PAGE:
Time Out says

Posted: Fri May 9 2014

Bath Together

Taking a bath together: Sigmar Polke (in the back) and Gerhard Richter (in front), 1966.

Rub-a-dub-dub, two art titans in a tub. The seldom seen photos, like ‘Taking a bath together’ (1966), and archive material accompanying this survey don’t quite paint a picture of two of Germany’s most respected artists as the Morcambe and Wise of art but they do reveal how closely the pair worked together at the start of their careers. And the careers of Sigmar Polke (1941-2010) and Gerhard Richter (born 1932) set the course of contemporary European painting over the past half century.

As founders of ‘capitalist realism’ in 1963, they hatched a movement that would quickly become a European corrective to US pop art, mining their country’s troubled history to parody both capitalism and communism, while tackling the thorny issue of authorship that would obsess every painter in their wake. Their work first gained a wide audience in London at the Royal Academy’s legendary 1981 exhibition ‘A New Spirit in Painting’, a show mentioned in hushed, reverent tones by anyone lucky enough to have seen it. To see Polke and Richter larking about in black and white shots humanises these demi-gods in a way that no other London show of their work has done before. You believe Richter entirely when he says that he was closer to Polke in the 1960s than he had ever been to anyone.

The show, in part a recreation of their renowned 1966 two-man exhibition in at Galerie h in Hanover, tightly enmeshes their art with an initial flurry of stylistically distinct but equally sardonic takes on pop. Their distinct personalities (Richter a purveyor of cool realist blurs and squeegeed abstract splurges; Polke a slippery magician wilfully unfaithful to any single subject or style) quickly take over, though, leading you along divergent but equally thrilling paths.

Polke’s freestanding two-sided paintings from the mid-1980s capture him at his capricious best, while for Richter in über elegant mode, look no further than ‘Kerze’ (1982), one of his classic candle paintings. Its masterpiece quota may be low, but the show immerses you in one of the most fruitful art dialogues of the twentieth century. It also acts as an appetite whetter for Tate Modern’s forthcoming Polke retrospective, which is currently being showered with five star reviews at MOMA in New York.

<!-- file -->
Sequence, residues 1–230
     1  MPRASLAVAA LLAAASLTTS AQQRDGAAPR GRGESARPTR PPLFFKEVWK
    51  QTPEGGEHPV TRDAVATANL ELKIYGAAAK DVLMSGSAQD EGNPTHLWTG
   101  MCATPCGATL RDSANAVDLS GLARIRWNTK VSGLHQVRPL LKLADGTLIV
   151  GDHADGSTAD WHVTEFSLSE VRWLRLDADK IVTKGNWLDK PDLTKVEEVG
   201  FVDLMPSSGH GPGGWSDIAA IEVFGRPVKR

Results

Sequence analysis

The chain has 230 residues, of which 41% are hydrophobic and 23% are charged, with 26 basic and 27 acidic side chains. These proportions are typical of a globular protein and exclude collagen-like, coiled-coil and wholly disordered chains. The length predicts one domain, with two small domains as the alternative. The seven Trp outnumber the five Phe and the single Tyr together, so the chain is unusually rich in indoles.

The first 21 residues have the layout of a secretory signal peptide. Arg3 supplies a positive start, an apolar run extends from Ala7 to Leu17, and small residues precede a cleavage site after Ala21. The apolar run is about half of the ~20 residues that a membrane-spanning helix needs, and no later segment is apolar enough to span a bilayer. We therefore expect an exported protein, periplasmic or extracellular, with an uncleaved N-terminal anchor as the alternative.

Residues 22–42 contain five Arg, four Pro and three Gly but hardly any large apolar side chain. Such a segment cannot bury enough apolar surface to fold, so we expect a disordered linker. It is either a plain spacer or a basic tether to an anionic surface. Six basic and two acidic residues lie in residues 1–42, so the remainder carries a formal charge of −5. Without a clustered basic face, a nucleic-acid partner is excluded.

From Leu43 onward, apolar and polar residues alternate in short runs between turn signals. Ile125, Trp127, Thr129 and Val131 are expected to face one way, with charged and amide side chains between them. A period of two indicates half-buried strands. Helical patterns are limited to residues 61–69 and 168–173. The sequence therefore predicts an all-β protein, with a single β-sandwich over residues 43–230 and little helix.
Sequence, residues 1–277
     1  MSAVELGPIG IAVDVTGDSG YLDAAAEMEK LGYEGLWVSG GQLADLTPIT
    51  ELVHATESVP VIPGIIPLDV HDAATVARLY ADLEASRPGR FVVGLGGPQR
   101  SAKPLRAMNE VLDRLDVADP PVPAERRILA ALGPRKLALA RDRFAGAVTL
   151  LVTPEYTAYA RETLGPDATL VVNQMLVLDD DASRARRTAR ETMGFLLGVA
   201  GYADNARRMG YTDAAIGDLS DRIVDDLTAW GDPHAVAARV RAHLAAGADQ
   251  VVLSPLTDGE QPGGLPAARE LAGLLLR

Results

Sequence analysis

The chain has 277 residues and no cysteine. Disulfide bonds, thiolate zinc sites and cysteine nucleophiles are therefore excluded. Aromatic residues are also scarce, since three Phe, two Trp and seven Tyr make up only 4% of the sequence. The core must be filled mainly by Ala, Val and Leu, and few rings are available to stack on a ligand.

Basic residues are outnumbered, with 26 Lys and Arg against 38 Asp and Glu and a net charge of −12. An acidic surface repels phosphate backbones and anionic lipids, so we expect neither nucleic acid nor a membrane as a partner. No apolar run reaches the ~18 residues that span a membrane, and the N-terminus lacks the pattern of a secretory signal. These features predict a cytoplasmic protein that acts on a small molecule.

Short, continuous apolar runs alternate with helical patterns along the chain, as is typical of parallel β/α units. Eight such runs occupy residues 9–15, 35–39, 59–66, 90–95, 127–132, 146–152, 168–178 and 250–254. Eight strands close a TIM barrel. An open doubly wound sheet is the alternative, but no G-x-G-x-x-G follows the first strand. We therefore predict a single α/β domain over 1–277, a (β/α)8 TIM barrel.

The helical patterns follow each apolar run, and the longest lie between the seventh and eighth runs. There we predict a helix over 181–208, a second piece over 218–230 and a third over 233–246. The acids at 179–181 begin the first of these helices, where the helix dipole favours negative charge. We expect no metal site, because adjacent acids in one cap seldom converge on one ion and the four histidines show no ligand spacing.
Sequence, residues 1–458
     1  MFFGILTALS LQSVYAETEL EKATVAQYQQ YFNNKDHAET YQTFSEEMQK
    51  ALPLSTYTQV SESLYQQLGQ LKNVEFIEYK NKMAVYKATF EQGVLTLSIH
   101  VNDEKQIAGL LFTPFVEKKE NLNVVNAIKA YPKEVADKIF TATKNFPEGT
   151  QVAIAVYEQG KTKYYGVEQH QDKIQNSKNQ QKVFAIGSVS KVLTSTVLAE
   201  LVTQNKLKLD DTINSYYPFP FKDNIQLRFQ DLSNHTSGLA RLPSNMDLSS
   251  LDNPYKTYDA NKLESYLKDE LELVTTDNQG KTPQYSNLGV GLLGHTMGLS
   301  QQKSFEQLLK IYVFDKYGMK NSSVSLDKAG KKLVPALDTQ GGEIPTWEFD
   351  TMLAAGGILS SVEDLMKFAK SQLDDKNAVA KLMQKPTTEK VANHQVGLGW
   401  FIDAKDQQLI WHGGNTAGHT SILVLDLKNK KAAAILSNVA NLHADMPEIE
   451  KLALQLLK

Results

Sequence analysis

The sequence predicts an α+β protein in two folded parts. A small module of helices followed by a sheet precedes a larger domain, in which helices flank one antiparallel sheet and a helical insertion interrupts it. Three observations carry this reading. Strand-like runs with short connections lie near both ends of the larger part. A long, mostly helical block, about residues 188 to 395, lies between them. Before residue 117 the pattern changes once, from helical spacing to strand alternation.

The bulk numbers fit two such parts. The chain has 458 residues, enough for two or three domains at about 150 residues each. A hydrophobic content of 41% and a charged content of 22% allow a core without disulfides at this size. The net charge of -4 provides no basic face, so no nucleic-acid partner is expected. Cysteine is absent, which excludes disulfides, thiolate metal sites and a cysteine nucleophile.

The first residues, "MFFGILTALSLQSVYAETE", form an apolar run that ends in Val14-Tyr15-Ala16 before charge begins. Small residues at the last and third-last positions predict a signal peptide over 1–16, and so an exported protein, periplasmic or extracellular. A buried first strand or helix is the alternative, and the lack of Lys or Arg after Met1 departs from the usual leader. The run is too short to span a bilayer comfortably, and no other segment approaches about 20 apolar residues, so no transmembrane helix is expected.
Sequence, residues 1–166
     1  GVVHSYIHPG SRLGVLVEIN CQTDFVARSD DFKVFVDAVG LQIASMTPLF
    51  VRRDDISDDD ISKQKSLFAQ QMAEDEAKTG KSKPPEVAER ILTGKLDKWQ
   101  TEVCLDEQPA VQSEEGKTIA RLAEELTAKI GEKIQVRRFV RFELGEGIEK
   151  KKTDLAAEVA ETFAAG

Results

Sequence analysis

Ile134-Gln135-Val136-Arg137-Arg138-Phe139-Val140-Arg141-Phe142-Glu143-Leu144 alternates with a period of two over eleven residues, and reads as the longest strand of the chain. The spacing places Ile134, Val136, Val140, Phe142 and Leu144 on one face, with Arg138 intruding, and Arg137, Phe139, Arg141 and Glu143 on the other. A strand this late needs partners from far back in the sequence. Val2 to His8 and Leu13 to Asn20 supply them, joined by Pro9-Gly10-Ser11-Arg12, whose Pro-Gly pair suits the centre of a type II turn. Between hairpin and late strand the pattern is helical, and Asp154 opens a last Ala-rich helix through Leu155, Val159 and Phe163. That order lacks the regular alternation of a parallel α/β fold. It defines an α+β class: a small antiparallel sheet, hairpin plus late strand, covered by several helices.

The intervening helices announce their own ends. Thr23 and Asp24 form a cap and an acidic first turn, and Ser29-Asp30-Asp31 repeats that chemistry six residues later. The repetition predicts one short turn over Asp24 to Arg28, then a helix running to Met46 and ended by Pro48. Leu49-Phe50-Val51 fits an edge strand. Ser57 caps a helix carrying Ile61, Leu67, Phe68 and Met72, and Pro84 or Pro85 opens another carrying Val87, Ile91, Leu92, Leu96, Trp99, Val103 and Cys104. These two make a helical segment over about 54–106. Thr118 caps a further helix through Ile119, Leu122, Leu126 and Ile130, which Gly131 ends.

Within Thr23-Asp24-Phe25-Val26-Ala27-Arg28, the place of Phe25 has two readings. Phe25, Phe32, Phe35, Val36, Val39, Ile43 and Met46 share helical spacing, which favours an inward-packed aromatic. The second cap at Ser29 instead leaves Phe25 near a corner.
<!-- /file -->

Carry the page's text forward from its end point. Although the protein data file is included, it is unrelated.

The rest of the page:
Martin Coomer


1024 colours

1024 colours (Detail), 1973, laquer on canvas, 254 x 478 cm, Daros Collection, Switzerland © 2014 Gerhard Richter


The exhibition at the Fondation Beyeler is the largest ever in Switzerland to be devoted to Gerhard Richter (born in Dresden in 1932, now based in Cologne), arguably the most important artist of our time. It centers for the first time on the artist’s series, cycles, and interior spaces. A counterpoint to these is formed by a number of single works, many of which have achieved iconic status. Some hundred pictures are on show — portraits, still-lifes, landscapes, abstract images — along with two glass objects and sixty-four overpainted photographs. The selection encompasses the major periods in Richter’s career since 1966, including recent works not yet seen in public.

In a career spanning sixty years Richter has created an oeuvre of striking thematic and stylistic variety. He has used photographs as the basis of figurative paintings. His abstract works range from pictures featuring color to monochrome fields and digitally generated compositions. “If the abstract pictures show my reality, then the landscapes and still-lifes show my yearning,” he wrote in 1981. The artist has also addressed recent history. The exhibition therefore includes the legendary fifteen-part cycle from the Museum of Modern Art, New York, revolving around the Baader-Meinhof gang and the events of October 18, 1977.

In the 1950s Richter studied mural painting at the Art Academy in Dresden. Since then many sketches and statements by him have testified to the crucial role played by architectural contexts in his work: “That is such a dream of mine — that the pictures will become an environment or become architecture.” Richter’s interest in the interaction between single pictures, groups of works, and the surrounding spaces is explored vividly in the exhibition, which has been put together by curator Hans Ulrich Obrist in close cooperation with the artist.


Sigmar Polke Girlfriends

Sigmar Polke Girlfriends (Freundinnen) 1965/1966 © 2013 Estate of Sigmar Polke / ARS, New York / VG Bild-Kunst, Bonn.

Sigmar Polke: Alibis  9 October 2014 – 8 February 2015
This groundbreaking retrospective of the maverick Sigmar Polke (1941–2010) will explore the full scope of his work. A key figure in the first generation of post-WWII German artists alongside Gerhard Richter and Blinky Palermo, Polke took a wildly different approach to art-making, from his responses to consumer society in the 1960s to his interest in travel and communal living in the 1970s and his increasingly experimental practice after 1980. This will be the first exhibition to bring together the full range of media in which he worked – not only painting, drawing, photography, film and sculpture, but also notebooks, slide projections and photocopies.


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